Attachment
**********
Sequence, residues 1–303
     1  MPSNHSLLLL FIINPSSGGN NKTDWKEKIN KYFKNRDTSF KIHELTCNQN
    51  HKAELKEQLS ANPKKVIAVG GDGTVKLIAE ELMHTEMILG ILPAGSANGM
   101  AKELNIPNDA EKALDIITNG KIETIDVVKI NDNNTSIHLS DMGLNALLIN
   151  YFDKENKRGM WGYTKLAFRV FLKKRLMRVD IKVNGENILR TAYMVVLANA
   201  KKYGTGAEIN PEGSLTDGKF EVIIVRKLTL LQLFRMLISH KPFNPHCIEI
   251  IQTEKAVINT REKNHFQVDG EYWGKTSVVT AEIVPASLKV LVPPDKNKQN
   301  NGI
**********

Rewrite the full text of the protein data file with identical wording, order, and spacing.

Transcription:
Sequence, residues 1–303
     1  MPSNHSLLLL FIINPSSGGN NKTDWKEKIN KYFKNRDTSF KIHELTCNQN
    51  HKAELKEQLS ANPKKVIAVG GDGTVKLIAE ELMHTEMILG ILPAGSANGM
   101  AKELNIPNDA EKALDIITNG KIETIDVVKI NDNNTSIHLS DMGLNALLIN
   151  YFDKENKRGM WGYTKLAFRV FLKKRLMRVD IKVNGENILR TAYMVVLANA
   201  KKYGTGAEIN PEGSLTDGKF EVIIVRKLTL LQLFRMLISH KPFNPHCIEI
   251  IQTEKAVINT REKNHFQVDG EYWGKTSVVT AEIVPASLKV LVPPDKNKQN
   301  NGI